For as long as I can remember, I’ve been surrounded by rugby players. Some of my earliest memories are in hotels at tournaments both at home and abroad, running through the hallways or attempting a daring bike ride -encouraged by my many rugby aunties- down a staircase and into a wall. To be fair, they always made sure I was wearing my helmet. I remember falling asleep in the van at Nationals and being carried into the hotel by one of the players. I have many memories of falling asleep during meetings in the hotels. With the Surfers, I would stand in the center of the circle before games, and everyone would put their hands on my head for good luck. Looking back, these experiences of being surrounded by an extremely kind and welcoming group of people really helped to shape me into the person I am today. From the rugby players that I grew up around, I learned what toughness looked like, both physical and mental, and what true community is. I have recently begun to play rugby myself and found that it is just as welcoming when you are a player as when you are essentially the team mascot. As college looms ever closer, I know that wherever I end up going I will be able to find my people and that those people will be rugby people.

Quinn was born into rugby, attending their first Women’s Rugby World Cup as a staff member/team mascot at age 6 months in 2006 and their second WRWC in the same role four years later. They also spent years hanging out at practices, games, and tournaments, first with the Berkeley All-Blues and then with the San Diego Surfers.


Macey Barnett

Age: 22

Mother: Kerri Heffernan

As a little girl, I loved two things, horses and the Brown University women’s rugby team. Until I was 15 years old, my mom was the rugby coach at Brown University. I was so proud of my mom’s job that I would wear the team sweatshirts and jackets to school. I went with her to practices and traveled with the team to games, including some long road trips. Some of my earliest memories are of squeezing my head between the players' knees to get into the sweaty circle they’d form before and after practices and games. It was often muddy and cold, and I remember the sweat steaming off their bodies and the f-bombs they were dropping. To me, all the players were big but they were never ashamed of their size or tried to hide their muscles or bruises. They flexed and proudly showed off their giant bruises. I thought big shoulders and legs like tree trunks were normal for women.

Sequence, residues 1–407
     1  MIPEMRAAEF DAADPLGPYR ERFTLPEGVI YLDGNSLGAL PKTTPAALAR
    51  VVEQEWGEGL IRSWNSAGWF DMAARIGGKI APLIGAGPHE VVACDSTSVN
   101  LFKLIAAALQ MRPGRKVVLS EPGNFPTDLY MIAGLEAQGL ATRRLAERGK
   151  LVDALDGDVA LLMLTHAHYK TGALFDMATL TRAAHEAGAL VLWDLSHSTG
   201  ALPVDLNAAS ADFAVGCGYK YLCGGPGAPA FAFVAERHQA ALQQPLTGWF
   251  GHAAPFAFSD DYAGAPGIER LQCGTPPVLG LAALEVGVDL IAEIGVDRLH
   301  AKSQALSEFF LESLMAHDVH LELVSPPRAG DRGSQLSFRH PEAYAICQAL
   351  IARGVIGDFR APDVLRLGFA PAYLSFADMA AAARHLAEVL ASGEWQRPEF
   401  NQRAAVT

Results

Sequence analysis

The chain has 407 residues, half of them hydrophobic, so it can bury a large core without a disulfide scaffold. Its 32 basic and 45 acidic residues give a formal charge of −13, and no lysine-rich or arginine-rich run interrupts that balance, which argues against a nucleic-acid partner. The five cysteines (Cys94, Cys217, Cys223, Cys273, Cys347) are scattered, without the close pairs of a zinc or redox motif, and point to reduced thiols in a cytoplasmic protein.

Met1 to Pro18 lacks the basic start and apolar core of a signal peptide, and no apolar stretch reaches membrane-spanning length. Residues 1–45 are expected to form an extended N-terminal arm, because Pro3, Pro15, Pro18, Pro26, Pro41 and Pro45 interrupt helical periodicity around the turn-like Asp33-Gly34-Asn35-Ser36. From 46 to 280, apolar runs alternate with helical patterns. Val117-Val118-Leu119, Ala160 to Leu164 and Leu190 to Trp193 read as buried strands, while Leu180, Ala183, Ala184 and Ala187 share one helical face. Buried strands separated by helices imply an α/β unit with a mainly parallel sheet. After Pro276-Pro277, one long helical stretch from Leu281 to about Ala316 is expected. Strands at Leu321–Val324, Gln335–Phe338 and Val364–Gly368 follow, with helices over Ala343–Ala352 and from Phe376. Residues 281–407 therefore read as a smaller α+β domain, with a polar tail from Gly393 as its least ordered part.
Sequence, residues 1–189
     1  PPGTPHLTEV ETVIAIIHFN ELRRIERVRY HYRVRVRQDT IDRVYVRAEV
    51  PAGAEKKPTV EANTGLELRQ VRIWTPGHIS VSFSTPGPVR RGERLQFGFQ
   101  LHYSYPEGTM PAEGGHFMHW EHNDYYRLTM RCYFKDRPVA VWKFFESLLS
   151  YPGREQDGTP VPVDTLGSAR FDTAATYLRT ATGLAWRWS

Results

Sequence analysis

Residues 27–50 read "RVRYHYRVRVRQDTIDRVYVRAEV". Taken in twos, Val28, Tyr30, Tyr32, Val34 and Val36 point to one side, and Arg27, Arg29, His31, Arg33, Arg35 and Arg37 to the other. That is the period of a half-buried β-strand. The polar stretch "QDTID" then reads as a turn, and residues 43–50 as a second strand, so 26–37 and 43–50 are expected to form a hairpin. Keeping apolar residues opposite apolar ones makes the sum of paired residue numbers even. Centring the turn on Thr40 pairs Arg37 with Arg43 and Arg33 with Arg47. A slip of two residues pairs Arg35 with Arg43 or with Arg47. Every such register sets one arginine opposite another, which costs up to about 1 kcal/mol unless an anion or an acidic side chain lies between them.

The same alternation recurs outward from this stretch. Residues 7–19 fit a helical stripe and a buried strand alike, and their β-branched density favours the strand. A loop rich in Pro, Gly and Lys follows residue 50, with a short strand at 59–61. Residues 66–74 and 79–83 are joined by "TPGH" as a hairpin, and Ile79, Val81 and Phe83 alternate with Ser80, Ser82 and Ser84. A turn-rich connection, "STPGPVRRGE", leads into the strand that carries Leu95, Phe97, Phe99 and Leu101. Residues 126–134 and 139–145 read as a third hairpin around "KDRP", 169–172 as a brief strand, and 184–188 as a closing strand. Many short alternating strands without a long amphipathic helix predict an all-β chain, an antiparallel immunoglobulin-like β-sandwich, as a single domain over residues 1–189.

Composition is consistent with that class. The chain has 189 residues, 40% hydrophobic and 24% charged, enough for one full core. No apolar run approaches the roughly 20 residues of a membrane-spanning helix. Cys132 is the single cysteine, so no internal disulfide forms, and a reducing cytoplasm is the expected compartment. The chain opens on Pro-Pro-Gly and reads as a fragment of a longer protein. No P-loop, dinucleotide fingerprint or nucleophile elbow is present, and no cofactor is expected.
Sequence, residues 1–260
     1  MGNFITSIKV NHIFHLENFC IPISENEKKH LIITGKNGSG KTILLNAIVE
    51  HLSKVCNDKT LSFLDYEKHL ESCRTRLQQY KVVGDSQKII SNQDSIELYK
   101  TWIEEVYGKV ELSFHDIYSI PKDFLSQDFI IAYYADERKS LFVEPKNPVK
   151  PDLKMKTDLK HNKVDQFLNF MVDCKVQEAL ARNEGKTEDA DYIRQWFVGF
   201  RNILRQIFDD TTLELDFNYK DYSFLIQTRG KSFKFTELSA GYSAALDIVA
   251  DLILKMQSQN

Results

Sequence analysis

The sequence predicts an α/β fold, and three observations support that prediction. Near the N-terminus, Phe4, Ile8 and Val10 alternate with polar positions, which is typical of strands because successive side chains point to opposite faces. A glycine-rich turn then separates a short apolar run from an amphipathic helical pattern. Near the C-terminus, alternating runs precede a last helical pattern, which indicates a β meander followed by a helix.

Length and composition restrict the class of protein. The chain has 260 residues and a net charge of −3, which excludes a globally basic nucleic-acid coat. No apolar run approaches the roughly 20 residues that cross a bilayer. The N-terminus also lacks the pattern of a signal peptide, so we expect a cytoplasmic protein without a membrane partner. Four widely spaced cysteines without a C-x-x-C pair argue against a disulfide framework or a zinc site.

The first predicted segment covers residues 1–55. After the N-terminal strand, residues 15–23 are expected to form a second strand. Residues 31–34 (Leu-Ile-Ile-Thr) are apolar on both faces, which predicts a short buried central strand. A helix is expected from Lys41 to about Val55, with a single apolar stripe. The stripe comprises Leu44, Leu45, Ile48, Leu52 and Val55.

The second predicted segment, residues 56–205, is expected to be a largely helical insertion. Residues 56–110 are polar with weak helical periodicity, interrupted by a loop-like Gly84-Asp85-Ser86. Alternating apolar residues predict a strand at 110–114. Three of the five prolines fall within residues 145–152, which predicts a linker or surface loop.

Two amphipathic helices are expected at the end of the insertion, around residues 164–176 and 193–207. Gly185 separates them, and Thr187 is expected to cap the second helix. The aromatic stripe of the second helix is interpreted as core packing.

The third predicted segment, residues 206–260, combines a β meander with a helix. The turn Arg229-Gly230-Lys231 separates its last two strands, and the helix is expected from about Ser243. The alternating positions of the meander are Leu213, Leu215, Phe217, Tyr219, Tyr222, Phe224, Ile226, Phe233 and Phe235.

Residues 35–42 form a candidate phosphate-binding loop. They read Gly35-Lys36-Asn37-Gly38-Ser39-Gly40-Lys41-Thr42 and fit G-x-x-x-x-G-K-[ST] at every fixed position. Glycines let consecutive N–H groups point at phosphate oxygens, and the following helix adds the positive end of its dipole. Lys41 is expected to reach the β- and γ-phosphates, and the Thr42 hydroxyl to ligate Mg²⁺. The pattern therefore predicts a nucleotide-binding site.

Before games started, they would slip tight jerseys on over shoulder pads and transform into superheroes. I watched them tackle and hit, not just the other team but also each other in practice. They’d yell at one another, not in anger but with urgency, “Get here now!”

As I have gotten older I think I understand the players more. I think about the strength in that rugby circle, they were arm-in-arm, before and after a game, looking each other in the eye, giving each other strength and courage and when they released each other they knew that each could be counted on. I want to be like those women: accountable, powerful, courageous, loyal, taking care of each other, expecting to win, and dropping an occasional f-bomb.

A final note from Mom:

I started bringing my daughter Macey to rugby games and practices when she was two years old. She spent the next twelve years on the sidelines. Weekends and vacations often revolved around rugby. She wore my rugby sweatshirts and jackets to school and was on a first-name basis with national team players and coaches. (When she was eight, her Halloween costume was ‘Emilie Bydwell’. She assumed every neighbor on the street knew who Em was). During her teens, my daughter struggled with ideas of what women are supposed to ‘be like,’ look like and care about. But being around women’s rugby for all those years seemed to inoculate her against the limited culture of beauty that undermines so many young girls. She understood that her body was functional and powerful, not merely ornamental. She learned from her time in rugby how to use her voice and advocate for herself. Macey is now 22, she never played rugby but she has grown to be a bold, beautiful, beast; raised by a pride of bold beautiful beasts. It’s a mother's feminist dream.

- Kerri Heffernan